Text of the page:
Jeff Gordon Hired As Full-Time Analyst For Fox Babcock Prepared For Tough Maple Leafs Gig NHL Coaching Salaries Likely To Change "SNF" Leads Primetime For Fourth Time Ducks' Perry Miffed By Milbury's On-Air Remark MASN: Manfred Comments "Highly Prejudicial" NBC Again Airing Final EPL Matches Live Many Indifferent Toward New Extra Point Rule Buck Anxiously Awaiting U.S. Open Broadcast Preakness Audience Down From Recent Years
Upcoming Conferences and Events
Published December 1, 1997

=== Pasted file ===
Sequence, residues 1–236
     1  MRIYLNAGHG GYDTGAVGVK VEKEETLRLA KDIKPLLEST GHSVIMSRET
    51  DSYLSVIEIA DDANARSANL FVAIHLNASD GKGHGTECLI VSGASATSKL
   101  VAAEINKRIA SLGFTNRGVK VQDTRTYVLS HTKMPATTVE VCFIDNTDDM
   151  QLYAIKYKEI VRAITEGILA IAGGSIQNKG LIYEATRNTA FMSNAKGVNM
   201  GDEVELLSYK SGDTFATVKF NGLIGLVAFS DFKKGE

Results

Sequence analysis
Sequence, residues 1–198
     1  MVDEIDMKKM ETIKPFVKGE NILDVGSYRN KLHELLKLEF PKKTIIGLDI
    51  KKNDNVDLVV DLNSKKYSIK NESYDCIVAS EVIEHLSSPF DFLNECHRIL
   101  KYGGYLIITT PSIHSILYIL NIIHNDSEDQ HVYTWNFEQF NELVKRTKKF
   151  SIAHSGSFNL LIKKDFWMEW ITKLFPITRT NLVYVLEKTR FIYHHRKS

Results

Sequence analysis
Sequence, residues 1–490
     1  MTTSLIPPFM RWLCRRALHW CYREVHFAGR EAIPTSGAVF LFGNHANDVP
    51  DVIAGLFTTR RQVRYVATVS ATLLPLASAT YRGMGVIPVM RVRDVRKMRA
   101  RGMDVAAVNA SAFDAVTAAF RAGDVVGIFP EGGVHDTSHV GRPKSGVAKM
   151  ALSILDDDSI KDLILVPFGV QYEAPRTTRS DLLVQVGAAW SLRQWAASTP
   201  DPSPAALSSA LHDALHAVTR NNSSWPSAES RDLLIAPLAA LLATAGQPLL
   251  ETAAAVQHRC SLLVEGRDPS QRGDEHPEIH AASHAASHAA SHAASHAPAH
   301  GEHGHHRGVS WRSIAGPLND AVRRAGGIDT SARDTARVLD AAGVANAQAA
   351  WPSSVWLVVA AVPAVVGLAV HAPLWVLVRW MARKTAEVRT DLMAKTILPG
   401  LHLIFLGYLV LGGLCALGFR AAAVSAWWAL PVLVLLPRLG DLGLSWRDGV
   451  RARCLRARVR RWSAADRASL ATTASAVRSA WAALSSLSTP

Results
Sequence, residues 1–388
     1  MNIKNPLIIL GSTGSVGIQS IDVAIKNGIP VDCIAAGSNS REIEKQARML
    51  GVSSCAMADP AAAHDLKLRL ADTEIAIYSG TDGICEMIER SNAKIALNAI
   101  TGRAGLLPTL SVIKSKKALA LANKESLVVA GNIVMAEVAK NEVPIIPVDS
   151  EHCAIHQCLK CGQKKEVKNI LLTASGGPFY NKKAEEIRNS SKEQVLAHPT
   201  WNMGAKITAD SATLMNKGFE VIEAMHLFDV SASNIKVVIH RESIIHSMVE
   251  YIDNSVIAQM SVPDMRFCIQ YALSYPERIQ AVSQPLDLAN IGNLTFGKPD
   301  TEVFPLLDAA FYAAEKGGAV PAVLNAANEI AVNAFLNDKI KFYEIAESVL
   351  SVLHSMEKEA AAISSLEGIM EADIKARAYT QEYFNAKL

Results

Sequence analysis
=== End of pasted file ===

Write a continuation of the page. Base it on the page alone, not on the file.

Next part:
Jantonio Turner, an L.A. producer, is raising $10M "in start-up costs" to launch The Football Network in 10-12 million homes by September '98 (Rudy Martzke, USA TODAY, 11/28)....As reported Wednesday, the Blue Jays announced a three-year deal with Shaw Communications' Headline Sports Network for the team's radio rights, leaving Telemedia after 21 years (Blue Jays). Headline Sports will produce the broadcasts for CHUM radio, and in exchange, will receive a share of commercial time for its own sale. In Toronto, Ken McKee reported that Headline Sports "won the bidding with an offer that will net the Jays between" C$3-4M, a "drop" from the C$5M a year of its previous deal (TORONTO STAR, 11/27). NFL TV DEAL: The pending NFL TV negotiations were examined by David Barron of the HOUSTON CHRONICLE and KNIGHT-RIDDER's Bob Keisser. In Houston, Barron examined the deal in a three-part series and looked at the impact of the deal on Fox's local affils. Sources told him that NFL ad time on Houston's Fox affil "runs from $4,000 to $10,000 per 30-second spot, depending on whether" the Cowboys are playing and who their opponent might be (HOUSTON CHRONICLE, 11/29). Pilson Communications President Neal Pilson, on the upcoming TV negotiations: "If [the NFL] had a preference, it would be that CBS or ABC took Monday night and one or the other chased NBC for Sunday afternoon." Pilson, on the cable package: "ESPN would love to have the whole package, but I think it's worked having the split as far as the NFL is concerned. ... Of course, Fox [Sports Net] could come and blow out ESPN and Turner. It's possible. It's a very volatile situation" (HOUSTON CHRONICLE, 11/29). In Chicago, Westinghouse CEO Michael Jordan said that CBS "will not bid on the NBA or NHL TV packages in the future" because "it conflicts with our golf schedule." He did say that CBS "will bid on NFL coverage" (CHICAGO TRIBUNE, 12/1).